Biological principles for future internet architecture design

Biological systems have remarkable capabilities of resilience and adaptability. These capabilities are found in various biological organisms, ranging from microorganisms to flocks of animals and even human society.


There are two especially appealing aspects of biological systems that could be beneficial in designing architectures or the future Internet. First, biological systems are always composed of a multitude of protocols that combine various processes to control different elements of an organism. Second, biological systems as a whole exhibit a hierarchical ecosystem structure that allows various organisms and systems to coexist.

Mechanistic thinking vs Systems thinking about Failures

Mechanistic thinking about failures, that is, the Newtonian-Cartesian approach, means going down and in.  Understanding why things went wrong comes from breaking open the system, diving down, finding the parts, and identifying which ones were broken.  The approach is taken even if the parts are located in different areas of the system, such as procedural control, supervisory layers, managerial levels, regulatory oversight.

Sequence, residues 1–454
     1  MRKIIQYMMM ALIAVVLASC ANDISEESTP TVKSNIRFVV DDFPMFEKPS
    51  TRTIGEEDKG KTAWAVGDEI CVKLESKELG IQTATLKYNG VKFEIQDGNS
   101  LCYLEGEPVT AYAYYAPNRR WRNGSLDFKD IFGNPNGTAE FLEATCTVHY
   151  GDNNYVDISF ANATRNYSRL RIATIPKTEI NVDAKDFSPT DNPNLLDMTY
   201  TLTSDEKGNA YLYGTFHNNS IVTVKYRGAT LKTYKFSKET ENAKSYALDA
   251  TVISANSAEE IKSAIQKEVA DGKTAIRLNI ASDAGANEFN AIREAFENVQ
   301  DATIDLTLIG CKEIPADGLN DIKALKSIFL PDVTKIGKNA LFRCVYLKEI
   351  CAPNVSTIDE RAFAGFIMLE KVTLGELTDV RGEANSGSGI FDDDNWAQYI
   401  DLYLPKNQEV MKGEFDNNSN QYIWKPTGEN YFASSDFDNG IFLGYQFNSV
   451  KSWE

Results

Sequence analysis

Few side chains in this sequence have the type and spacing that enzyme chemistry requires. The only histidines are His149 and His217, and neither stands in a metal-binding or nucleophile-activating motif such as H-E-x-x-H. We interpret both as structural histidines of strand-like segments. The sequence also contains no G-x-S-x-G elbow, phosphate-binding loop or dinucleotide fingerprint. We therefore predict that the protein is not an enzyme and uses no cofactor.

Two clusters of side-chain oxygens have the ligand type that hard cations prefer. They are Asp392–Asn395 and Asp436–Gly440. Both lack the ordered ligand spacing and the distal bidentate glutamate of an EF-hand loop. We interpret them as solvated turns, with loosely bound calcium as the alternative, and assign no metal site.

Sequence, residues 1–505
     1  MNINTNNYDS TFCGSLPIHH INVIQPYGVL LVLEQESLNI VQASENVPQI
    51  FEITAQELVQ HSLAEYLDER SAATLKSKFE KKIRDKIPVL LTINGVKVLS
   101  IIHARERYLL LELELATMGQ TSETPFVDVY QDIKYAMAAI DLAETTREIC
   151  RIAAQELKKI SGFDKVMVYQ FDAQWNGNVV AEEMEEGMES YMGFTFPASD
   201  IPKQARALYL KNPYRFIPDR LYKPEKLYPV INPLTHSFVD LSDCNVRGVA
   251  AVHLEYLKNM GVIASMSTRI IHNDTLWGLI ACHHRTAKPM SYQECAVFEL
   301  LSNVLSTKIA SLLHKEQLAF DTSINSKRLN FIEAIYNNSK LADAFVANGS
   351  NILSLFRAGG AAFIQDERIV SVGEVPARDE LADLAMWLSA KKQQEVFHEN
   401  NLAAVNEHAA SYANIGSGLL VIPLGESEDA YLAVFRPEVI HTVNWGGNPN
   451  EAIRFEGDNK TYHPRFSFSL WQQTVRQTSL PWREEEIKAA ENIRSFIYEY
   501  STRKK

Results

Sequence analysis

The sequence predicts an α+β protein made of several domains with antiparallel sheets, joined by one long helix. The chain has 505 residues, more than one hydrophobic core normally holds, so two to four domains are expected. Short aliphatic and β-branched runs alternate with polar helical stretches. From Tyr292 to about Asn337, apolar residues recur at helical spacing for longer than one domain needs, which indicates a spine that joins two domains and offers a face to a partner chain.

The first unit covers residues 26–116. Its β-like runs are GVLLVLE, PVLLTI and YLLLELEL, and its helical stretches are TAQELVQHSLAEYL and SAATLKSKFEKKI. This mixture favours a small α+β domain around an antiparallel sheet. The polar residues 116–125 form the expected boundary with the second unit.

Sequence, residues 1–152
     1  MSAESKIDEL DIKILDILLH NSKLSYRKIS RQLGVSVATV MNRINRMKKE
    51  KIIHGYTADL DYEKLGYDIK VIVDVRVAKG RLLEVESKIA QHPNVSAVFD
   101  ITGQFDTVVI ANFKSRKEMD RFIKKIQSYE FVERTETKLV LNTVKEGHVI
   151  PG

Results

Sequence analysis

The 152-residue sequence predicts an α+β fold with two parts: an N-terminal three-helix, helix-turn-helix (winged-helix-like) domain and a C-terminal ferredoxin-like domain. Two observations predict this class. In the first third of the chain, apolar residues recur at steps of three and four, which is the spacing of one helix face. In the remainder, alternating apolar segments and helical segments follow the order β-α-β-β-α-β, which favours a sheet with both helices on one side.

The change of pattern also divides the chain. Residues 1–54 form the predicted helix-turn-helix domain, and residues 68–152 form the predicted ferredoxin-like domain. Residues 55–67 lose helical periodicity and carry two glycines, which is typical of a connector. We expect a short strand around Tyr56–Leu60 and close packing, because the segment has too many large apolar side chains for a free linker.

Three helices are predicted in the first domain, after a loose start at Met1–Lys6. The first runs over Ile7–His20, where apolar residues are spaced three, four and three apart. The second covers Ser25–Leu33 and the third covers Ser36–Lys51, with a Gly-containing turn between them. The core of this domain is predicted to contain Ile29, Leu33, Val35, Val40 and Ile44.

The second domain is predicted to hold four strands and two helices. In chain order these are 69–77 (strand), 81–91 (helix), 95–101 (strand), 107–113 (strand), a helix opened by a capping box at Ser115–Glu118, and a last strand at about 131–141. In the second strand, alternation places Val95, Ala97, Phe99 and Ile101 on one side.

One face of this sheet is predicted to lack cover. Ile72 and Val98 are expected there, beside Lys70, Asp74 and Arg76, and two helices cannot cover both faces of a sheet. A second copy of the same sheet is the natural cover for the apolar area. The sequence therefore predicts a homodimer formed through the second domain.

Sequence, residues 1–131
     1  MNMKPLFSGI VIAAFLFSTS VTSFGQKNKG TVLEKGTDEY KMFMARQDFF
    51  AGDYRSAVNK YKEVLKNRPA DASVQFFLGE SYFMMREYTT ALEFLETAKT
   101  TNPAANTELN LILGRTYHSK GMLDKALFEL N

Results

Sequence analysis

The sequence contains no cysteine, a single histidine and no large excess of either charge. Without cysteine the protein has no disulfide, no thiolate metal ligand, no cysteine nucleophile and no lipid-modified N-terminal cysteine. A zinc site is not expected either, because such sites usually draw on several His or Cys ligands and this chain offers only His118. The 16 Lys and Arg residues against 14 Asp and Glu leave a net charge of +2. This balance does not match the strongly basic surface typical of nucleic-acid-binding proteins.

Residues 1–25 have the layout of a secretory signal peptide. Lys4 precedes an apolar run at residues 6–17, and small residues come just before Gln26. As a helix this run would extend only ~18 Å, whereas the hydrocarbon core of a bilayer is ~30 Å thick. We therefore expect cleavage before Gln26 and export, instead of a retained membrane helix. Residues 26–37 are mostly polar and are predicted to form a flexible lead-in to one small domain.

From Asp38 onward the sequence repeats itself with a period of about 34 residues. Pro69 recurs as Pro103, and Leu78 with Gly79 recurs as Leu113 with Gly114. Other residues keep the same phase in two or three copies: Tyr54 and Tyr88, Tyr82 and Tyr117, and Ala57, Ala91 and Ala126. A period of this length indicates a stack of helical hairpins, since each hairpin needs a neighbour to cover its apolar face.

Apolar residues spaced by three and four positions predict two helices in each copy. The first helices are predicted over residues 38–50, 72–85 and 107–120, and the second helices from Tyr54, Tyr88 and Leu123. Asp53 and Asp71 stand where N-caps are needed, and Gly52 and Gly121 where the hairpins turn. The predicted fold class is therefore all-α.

Highly Resilient Organisations

Highly resilient organisations can be recognised by the following four behaviours:

  • They anticipate critical disruptions and situations and their consequences
  • They notice the critical disruptions and situations when they occur
  • They plan how to respond
  • They adapt and move into different actions.

Network Resilience: A Systematic Approach

Whether used for professional or leisure purposes, for safety-critical applications or e-commerce, the Internet in particular has become an integral part of our everyday lives, affecting the way societies operate.  However, the Internet was not intended to serve all these roles, and, as such, is vulnerable to a wide range of challenges.  Malicious attacks, software and hardwired faults, human mistakes (eg software and hardware misconfigurations)  and large-scale natural disasters threaten its normal operation.

"The enemy of safety is complexity."

 Behind Human Error, Woods et al, Ashgate 2010 p 23

"Knowledge and error flow from the same mental sources, only success can tell one from another."


Ernst Mach, 1905